2
$\begingroup$

I am practicing exam questions for my own exam in complex analysis. This was one I couldn't figure out.

Let $U = \mathbb{C} \setminus \{ x \in \mathbb{R} : x \leq 0 \} $ en let $\log : U \to \mathbb{C} $ be the usual holomorphic branch of the logarithm on $U$ with $\log (1) = 0$. Consider the function given by $f(z) = \log(z) - 4(z-2)^2$.

Q1: Show that $f$ has exactly two zeroes (including multiplicity) in the open disk $D(2,1) = \{ z \in \mathbb{C} : |z-2| < 1 \} $.

Q2: Show that $f$ has exactly two different zeroes in $D(2,1)$.

I strongly suspect we should use Rouché's Theorem for this. I tried to apply it by setting $h(z) = \log(z)$ and $g(z) = -4 (z-2)^2$. If $|z-2| = 1$, then $z = 2 + e^{it}$ with $t \in [0,2 \pi ) $. Then we have $|h(z)| = |\log(z)| \leq \log|z| = \log|2+e^{it}| \leq \log(|2| + |e^{it}|) = \log|2|\cdot \log|e^{it}| = \log(2) \cdot \log(1) = 0$.

Furthermore, we have $g(z) = |-4 (z-2)^2| = |-4| |z-2|^2 = 4$. So $|h(z)| < |g(z)|$ when $|z-2| = 1$. According to Rouché's Theorem, $f$ en $g$ have the same number of zeroes within $\{ |z-2| < 1 \}$, so we have to count the zeros of $g$ to find the number of zeroes of $f$. However, I can only find one zero of $g$, which is at $z=2$. Can you tell what's going wrong with my approach?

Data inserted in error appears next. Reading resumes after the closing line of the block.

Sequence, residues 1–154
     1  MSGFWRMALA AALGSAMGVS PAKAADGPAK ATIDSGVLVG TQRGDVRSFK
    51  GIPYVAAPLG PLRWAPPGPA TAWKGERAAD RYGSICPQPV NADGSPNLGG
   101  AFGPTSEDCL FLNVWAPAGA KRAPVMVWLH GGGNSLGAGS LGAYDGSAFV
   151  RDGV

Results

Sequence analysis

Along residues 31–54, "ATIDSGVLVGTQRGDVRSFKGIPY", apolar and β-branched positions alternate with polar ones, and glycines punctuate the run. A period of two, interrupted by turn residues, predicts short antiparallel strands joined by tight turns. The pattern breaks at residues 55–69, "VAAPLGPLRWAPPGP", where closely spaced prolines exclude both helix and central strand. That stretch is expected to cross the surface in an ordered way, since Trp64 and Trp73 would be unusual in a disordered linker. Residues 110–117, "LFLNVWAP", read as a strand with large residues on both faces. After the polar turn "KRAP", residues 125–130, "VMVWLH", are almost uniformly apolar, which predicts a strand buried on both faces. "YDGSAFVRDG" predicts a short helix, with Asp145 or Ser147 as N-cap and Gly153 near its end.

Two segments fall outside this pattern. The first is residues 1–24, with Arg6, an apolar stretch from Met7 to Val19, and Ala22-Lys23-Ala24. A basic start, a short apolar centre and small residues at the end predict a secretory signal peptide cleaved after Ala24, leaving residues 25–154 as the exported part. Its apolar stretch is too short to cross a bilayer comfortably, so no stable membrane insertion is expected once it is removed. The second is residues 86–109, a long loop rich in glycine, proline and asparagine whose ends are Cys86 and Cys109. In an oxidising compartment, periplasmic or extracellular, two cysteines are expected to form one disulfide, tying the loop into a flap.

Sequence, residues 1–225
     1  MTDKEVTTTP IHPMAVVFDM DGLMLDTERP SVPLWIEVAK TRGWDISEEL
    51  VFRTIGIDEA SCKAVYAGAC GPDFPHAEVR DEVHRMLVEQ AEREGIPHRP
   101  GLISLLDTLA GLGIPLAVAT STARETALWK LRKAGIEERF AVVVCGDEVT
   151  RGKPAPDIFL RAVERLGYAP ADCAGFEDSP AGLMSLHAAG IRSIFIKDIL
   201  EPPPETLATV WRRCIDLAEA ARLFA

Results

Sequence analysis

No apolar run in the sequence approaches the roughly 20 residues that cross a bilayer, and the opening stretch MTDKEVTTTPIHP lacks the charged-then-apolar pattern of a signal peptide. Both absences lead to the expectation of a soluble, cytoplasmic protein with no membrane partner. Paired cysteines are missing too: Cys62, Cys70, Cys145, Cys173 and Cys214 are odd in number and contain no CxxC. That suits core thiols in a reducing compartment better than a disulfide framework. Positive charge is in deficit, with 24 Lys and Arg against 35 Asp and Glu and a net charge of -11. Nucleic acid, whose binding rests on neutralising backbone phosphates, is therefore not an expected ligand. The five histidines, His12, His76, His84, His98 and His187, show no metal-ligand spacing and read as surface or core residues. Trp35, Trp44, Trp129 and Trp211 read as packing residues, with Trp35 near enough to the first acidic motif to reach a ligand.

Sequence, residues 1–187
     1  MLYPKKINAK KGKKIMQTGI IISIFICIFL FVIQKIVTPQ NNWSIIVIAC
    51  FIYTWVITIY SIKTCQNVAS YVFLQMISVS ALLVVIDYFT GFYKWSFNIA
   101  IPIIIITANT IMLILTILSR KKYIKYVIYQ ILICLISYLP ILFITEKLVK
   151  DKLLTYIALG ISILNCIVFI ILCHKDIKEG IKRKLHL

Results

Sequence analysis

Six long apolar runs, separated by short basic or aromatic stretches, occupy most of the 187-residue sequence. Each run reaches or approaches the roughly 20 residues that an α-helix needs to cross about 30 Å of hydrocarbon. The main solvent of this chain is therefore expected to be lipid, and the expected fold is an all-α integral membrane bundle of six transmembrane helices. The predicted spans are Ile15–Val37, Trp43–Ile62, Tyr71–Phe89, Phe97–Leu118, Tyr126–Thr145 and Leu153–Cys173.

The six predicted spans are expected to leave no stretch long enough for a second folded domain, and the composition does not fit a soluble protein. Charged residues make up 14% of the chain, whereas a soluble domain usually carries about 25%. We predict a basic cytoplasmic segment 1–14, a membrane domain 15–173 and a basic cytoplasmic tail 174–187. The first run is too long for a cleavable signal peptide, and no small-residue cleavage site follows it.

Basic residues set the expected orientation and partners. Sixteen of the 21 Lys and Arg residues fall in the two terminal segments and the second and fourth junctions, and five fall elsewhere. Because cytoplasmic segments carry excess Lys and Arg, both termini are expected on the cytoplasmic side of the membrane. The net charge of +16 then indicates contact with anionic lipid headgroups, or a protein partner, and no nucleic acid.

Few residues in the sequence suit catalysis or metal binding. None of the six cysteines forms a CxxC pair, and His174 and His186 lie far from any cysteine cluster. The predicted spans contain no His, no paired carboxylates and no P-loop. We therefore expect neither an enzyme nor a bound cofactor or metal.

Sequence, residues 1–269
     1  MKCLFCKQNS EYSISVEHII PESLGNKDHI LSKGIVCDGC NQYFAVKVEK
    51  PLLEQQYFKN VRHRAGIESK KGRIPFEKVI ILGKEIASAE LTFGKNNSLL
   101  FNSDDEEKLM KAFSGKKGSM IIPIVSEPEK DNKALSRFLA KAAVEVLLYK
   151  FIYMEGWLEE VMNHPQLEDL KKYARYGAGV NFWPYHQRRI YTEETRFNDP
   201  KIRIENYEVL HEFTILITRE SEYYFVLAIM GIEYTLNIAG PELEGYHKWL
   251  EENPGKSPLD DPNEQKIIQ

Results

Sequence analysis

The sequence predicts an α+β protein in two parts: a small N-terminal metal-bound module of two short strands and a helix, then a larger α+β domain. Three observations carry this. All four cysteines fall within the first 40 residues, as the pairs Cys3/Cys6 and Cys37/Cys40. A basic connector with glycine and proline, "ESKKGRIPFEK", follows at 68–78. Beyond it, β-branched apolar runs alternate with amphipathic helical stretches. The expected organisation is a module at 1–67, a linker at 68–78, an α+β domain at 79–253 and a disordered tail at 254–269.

$\endgroup$
  • $\begingroup$ Don't forget to count the multiplicity of the zero of $g$ $\endgroup$ – user47693 Jun 17 '13 at 13:41
  • $\begingroup$ @LordBellington aha, the multiplicity of the zero of $g$ is two, so I guess I answered Q1 correctly after all. Do you know how to answer Q2? $\endgroup$ – Max Muller Jun 17 '13 at 13:46
4
$\begingroup$

Your estimate $|h(z)|\le 0$ (when $|z-2|=1$) cannot possibly be true: a nonconstant holomorphic function cannot be equal to zero on a circle. I marked the incorrect steps in red: $$|\log(z)| \color{red}{\leq} \log|z| = \log|2+e^{it}| \leq \log(|2| + |e^{it}|) \color{red}{=} \log|2|\cdot \log|e^{it}| = \log(2) \cdot \log(1) = 0$$

A correct estimate could look like $$|\log(z)| \le |\operatorname{Re} \log z| + |\operatorname{Im} \log z| = \log |z| + |\arg z| \le \log 3+ \pi/2 <3$$ which is not sharp but suffices for the application of Rouché's theorem, which settles Q1.

The question Q2 is less standard. One way to answer it is to observe that the real function $f(x)=\log x-4(x-2)^2$ has two distinct zeros on the interval $(1,3)$, because $f(1)<0$, $f(2)>0$, and $f(3)=\log 3-4<0$. Since we already know there are two zeros in $D(2,1)$ with multiplicity, there are no others.

$\endgroup$
  • $\begingroup$ Thanks! This is great. Someone mentioned one can answer Q2 by means of the deriviative of $f$, do you know how that might be useful? $\endgroup$ – Max Muller Jun 18 '13 at 14:09
  • 1
    $\begingroup$ @MaxMuller Yes, that is also an option. To solve Q2, we must rule out the possibility of a double zero. At a double zero of $f$, the derivative $f'(z)=z^{-1}-8(z-2)$ also vanishes. The equation $f'(z)=0$ is easy to solve with quadratic formula. One can find its only solution in $D(2,1)$ and check that $f$ does not turn to zero at that point. ... I considered this approach, but the one I gave in the answer seemed easier. $\endgroup$ – ˈjuː.zɚ79365 Jun 18 '13 at 14:12

Your Answer

By clicking “Post Your Answer”, you agree to our terms of service, privacy policy and cookie policy

Not the answer you're looking for? Browse other questions tagged or ask your own question.